Paradoxically, according to Silva, the demonstrations have been peaceful. Indeed, considering the precarious and heavily individualist organization of some daring "troublemakers" and "vandals" (as they were dubbed in the press), if the demonstrations had not been fundamentally peaceful, Brazilian cities would have been thrown into utter chaos. Campinas was not the city that saw the greatest police violence. But this did not mean that Campinas was exempt; police violence did occur here, with its damage and arrests. Later, when we watched what was happening in other places, the consonance and agreement between the forces of order became clear.
My experience was that when the police interrupted the route so that we could not reach symbolically important locations of political decision-making, the chant “Without Violence” didn’t not lose its poetry. But it didn’t move me the way it did before the interruption. The pact seemed to have broken. The police demonstrations made it so that demonstrators either needed to accept what felt like a dare, or else fall back. The greater meaning of the demonstration becomes lost, replaced by violence and dispersion, a paralysis of both the act on stage and history itself. And in this way, we caught a glimpse of what can be called “anti-politics.” Prevention as a strategy and tactic eclipsed. Police decided they were going to be violent and a few protestors decided that they should answer the police invitation to violence. Several demonstrated they were tired of police brute force, at times even lethal force, like what happened later in protests in poor communities in the Maré neighborhood of Rio de Janeiro.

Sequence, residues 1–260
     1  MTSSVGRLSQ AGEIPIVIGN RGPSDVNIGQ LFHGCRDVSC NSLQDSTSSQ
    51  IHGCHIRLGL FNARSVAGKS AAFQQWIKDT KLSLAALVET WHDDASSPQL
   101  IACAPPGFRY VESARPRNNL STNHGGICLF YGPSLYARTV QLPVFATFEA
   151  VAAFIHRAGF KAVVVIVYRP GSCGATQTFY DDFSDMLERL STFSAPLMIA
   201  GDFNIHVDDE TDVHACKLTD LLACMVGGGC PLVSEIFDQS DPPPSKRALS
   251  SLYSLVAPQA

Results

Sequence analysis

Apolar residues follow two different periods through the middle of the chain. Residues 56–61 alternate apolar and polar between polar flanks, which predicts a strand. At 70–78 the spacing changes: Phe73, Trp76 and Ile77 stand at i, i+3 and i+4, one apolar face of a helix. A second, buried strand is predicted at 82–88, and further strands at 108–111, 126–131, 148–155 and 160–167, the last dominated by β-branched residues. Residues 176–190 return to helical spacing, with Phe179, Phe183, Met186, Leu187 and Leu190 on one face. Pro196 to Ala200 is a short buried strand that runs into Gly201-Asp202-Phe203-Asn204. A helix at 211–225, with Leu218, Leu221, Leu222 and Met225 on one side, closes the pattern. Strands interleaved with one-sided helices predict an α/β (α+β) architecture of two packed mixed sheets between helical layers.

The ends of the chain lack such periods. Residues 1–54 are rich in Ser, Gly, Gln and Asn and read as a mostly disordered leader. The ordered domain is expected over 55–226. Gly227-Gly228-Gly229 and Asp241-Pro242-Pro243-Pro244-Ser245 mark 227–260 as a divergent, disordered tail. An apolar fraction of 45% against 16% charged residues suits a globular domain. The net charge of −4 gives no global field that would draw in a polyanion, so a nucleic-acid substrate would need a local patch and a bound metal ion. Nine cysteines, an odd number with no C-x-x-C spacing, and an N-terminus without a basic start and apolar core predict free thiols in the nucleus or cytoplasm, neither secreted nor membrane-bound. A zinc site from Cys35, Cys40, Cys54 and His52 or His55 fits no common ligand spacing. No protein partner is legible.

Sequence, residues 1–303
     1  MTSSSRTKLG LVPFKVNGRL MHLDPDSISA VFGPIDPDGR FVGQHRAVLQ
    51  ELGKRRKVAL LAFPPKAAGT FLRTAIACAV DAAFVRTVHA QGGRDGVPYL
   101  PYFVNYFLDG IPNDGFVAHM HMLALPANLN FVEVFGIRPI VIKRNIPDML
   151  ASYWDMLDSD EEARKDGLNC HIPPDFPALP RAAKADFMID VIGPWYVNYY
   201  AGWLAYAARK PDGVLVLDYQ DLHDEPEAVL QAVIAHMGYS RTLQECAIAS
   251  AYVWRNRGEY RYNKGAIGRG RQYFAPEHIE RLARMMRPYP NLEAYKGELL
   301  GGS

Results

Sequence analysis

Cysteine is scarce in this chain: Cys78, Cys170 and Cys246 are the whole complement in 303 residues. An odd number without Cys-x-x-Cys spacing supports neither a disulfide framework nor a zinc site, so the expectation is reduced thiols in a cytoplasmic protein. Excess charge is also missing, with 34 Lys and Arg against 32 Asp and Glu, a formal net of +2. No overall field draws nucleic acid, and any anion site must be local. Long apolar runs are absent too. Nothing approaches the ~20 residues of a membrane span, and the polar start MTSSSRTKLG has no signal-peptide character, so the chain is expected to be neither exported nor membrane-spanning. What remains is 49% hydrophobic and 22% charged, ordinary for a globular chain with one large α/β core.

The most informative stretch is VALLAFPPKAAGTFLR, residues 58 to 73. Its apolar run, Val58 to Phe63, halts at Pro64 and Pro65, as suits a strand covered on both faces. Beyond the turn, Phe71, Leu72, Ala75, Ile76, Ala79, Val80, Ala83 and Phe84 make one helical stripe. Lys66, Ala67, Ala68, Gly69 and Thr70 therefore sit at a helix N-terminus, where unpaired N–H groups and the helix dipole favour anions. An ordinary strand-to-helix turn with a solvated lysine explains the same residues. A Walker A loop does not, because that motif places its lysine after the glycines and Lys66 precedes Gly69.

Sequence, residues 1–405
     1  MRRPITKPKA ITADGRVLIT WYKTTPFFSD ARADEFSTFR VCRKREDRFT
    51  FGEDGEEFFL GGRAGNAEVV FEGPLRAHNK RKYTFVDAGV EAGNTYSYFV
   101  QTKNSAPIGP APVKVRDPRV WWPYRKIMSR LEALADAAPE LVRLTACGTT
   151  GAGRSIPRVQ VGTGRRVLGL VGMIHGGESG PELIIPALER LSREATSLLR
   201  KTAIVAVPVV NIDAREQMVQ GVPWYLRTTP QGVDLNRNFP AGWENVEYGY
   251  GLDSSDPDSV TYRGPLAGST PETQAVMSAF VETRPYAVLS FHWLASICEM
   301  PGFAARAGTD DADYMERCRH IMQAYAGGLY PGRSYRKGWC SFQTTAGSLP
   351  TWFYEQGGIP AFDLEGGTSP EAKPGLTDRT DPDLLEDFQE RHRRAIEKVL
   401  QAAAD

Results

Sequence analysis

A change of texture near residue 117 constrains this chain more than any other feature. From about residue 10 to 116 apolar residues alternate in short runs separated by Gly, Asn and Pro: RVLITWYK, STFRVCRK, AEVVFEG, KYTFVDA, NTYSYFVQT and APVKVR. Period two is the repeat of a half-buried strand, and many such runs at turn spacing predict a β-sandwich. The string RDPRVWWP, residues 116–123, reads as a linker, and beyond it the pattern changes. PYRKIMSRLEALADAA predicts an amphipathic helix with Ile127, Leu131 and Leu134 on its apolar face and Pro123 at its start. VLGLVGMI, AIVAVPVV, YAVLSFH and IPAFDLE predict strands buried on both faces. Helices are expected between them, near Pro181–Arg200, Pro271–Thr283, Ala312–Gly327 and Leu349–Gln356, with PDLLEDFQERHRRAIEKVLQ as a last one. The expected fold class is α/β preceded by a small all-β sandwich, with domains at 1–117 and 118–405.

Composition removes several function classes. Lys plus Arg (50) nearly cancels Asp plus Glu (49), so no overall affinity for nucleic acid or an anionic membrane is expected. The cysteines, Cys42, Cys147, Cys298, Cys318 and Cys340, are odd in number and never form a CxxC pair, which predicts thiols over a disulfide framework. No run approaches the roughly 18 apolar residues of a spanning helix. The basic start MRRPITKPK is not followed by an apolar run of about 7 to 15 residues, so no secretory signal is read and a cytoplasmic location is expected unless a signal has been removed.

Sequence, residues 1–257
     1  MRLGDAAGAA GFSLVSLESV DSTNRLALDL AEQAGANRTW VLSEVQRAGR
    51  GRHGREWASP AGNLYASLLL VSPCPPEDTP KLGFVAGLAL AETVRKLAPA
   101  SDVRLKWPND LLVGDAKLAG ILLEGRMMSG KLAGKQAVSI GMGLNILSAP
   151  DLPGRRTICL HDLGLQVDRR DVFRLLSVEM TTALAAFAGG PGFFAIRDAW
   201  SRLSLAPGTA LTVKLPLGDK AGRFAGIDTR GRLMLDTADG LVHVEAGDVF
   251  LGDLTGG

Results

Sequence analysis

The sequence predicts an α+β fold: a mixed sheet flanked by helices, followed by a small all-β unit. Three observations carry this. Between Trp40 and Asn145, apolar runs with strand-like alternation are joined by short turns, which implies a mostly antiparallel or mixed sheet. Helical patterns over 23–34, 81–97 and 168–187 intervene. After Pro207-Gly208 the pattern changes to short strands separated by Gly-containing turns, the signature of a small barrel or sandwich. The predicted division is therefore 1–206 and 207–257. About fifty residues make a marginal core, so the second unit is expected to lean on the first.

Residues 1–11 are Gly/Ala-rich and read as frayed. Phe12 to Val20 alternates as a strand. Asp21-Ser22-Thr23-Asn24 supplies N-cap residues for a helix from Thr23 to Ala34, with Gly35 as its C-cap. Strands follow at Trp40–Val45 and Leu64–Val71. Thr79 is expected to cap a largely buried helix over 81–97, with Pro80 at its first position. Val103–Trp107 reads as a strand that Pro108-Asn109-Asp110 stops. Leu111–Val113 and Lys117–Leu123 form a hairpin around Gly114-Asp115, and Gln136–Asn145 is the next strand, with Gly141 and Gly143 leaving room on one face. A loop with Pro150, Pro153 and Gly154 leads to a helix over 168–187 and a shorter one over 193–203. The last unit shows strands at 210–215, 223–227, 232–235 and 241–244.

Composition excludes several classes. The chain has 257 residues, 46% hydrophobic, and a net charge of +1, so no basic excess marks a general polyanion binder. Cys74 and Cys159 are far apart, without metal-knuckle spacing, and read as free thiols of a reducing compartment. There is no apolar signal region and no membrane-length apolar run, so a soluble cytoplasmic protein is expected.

These sorts of moments reveal the modus operandi of the police, and suggest that it is built on territorial control and violent force. At these moments, the relationship between the police and citizens inevitably becomes frayed. Our dictatorial past is carried into the present, and remolded.